Introduction: Safe Humane Spider/ Insect Catcher

This “humane” spider trap was inspired by family members with severe
arachnophobia. The worst spider for them is the Huntsman because of its large size and hairy covering. Other insects such as large cockroaches are also a problem in Australia.

Step 1: Humane Spider and Insect Trap

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The trap is designed to be attractive to a spider threatened by approaching predators, and suggests a safe haven or escape by offering what appears to be a black pathway to a black hole in which to hide. For the human, capture is done remotely, at the end of a broomstick or other piece of dowel. The trap seems to work as intended, because the cockroach or spider usually heads into the hole and curls up. This is comforting for the catcher who can place the lid on the open end of the trap, for safe disposal of the contents by a quick flip of the handle.

Step 2: Description.

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The trap is made from a transparent soft drink bottle with straight walls and a screw top lid. The label is removed and the bottom of the bottle cut off just where the curve forms. This acts as the lid of the trap. The bottle top is painted black inside and screwed to the end of a broom handle (or dowel) of a length chosen by the distance at which one wants to use the trap. For example if one wants to catch the spiders or insects on the ceiling or at similar distances, a standard broom handle length works well. If this is too clumsy, shorter rods and/or a smaller drink bottle can be used for more confined places.

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The reason for this type of bottle is that the walls are flexible for fitting into uneven places or corners in order to prevent escape. The transparency is important so that the prey can be observed at all times through the trap wall and so that the spider cannot see the trap approaching. A black stripe leading upwards from the edge of the trap provides the spider or insect with an apparent pathway to follow. This black stripe, representing a branch in shadow, leads all the way into the bottle top, the inside of which is painted black to represent the bolt hole, or safe spot.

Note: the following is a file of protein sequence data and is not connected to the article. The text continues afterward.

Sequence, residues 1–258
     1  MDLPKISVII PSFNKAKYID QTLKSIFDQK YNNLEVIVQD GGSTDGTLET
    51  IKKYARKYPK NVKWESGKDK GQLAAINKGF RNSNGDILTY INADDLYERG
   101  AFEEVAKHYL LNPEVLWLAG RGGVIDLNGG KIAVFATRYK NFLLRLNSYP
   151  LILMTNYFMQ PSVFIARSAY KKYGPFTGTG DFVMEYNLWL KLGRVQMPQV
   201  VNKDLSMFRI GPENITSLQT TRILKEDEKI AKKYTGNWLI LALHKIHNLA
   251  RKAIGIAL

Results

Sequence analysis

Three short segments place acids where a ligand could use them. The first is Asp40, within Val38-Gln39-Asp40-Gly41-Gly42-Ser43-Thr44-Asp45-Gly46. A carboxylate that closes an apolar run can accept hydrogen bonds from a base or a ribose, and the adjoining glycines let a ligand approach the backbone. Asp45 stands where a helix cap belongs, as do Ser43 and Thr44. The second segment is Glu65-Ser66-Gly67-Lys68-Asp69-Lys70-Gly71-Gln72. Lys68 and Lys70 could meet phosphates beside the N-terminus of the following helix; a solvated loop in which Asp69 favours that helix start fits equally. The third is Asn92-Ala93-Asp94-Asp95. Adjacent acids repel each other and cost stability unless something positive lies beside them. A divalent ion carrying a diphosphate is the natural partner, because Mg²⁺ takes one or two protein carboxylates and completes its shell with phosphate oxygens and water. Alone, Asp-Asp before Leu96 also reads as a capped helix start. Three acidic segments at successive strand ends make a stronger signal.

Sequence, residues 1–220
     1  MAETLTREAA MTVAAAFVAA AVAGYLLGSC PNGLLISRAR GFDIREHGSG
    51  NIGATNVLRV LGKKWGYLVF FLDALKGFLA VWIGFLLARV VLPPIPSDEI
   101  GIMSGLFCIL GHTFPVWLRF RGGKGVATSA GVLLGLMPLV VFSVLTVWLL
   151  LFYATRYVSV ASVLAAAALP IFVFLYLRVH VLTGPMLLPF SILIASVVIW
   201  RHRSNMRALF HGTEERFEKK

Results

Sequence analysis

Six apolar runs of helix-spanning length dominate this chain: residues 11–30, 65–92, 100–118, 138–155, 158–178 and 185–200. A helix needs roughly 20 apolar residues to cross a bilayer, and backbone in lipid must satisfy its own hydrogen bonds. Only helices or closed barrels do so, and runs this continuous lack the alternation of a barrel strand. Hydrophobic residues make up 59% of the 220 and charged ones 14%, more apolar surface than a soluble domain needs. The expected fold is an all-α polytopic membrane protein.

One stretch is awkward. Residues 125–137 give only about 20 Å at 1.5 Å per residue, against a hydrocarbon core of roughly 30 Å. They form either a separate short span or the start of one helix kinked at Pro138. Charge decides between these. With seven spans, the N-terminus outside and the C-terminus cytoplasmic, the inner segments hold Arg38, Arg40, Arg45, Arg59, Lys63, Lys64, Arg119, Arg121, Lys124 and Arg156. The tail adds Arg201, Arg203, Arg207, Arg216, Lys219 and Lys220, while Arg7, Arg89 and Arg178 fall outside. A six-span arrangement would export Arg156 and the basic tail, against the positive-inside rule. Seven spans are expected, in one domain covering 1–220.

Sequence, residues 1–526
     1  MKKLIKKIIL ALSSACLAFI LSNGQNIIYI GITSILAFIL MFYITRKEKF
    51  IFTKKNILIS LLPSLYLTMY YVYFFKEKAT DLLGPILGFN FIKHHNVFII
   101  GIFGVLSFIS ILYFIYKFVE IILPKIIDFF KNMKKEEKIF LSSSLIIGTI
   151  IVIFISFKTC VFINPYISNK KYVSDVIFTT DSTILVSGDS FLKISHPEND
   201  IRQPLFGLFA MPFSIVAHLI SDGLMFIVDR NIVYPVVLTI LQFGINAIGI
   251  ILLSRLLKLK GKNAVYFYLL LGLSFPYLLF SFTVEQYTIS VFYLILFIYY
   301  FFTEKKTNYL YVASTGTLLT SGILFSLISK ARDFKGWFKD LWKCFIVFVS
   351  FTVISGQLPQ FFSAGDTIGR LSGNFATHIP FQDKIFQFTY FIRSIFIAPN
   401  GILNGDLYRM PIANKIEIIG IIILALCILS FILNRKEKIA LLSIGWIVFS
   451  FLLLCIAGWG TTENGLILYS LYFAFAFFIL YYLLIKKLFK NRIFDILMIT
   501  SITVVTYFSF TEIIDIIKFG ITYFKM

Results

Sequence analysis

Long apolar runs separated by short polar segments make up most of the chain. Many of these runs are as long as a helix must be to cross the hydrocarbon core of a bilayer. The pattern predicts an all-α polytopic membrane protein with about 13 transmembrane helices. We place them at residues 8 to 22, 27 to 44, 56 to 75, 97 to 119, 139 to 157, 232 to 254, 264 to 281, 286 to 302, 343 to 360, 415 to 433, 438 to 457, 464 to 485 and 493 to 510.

Step 3: Figure 1. Items Needed.

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Equipment and tools needed are shown in figure 1,

Instead of paint or a black felt tip pen, black insulating tape, or rough black carpet tape, which provides a good skid free surface can be used for the inside of the bottle top and for the black stripe.

Step 4: Figure 2.

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Figure 2 shows removal of the bottle bottom, which is used for closing the trap after capture of the insect or spider, by rotating it and inserting into the bottle. (Figure 3.)

Step 5: Figure 3. Rotated Cut Bottom of Bottle Acts As Lid.

Step 6: Figures 4, 5, 6 and 7.

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The bottle top is drilled centrally and a similar hole made in the end of the broom stick, (Figures 4 and 5).

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The next figures, 6 and 7, show the tops screwed in place and their insides coloured black.

Step 7: Complete "black Hole" for the Safe Destination, Figure 8.

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The black “hole” is completed by blackening the neck of the bottle (figure 8) and the black path to safety in the black hideaway is attached with the black insulating tape as in figure 9.

Step 8: Path to Safe Black Hole Made With Black Tape, Figure 9

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A view of this is seen in figure 10, followed by the completed trap attached to the broom stick in figure 11.

Step 9: Figures 10 and 11

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The bottom of the bottle can be attached with a string to the broom in order to prevent its loss when most needed! It is simply placed upside down into the end of the bottle, or the right way up if the bottle shape permits, after the capture. . (Figures 12 and 13, below.)

Step 10: Figures 12 and 13.

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The flexible sides of the trap can be used at an angle to the wall and in the corner between the wall and ceiling as shown in figures 14 and 15.

Step 11: Figures 14 and 15.

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Figure 16. A large Huntsman spider in the trap after crawling down black pathway.

The latest small version of the trap, (the one litre plastic lemonade bottle on a short dowelling handle) has black matt carpet tape inside the bottle and its lid. This can be a problem occasionally because the spider has a better grip, and can resist being shaken out of the safe retreat! The trap has been a boon for all who have used it, and takes care of recycling of a few bottles.

If the spider or cockroach is on the floor, it is worth placing the black stripe downward, i.e. next to the floor as you slide the bottle slowly towards her, to bring her up to a wall or the skirting board. She will see you through the bottle and usually runs up the stripe into the hole for safety!

Step 12: Figure 16: Large Huntsman Safely in the Hole! Figure 17: Smaller 1 Litre Size Trap.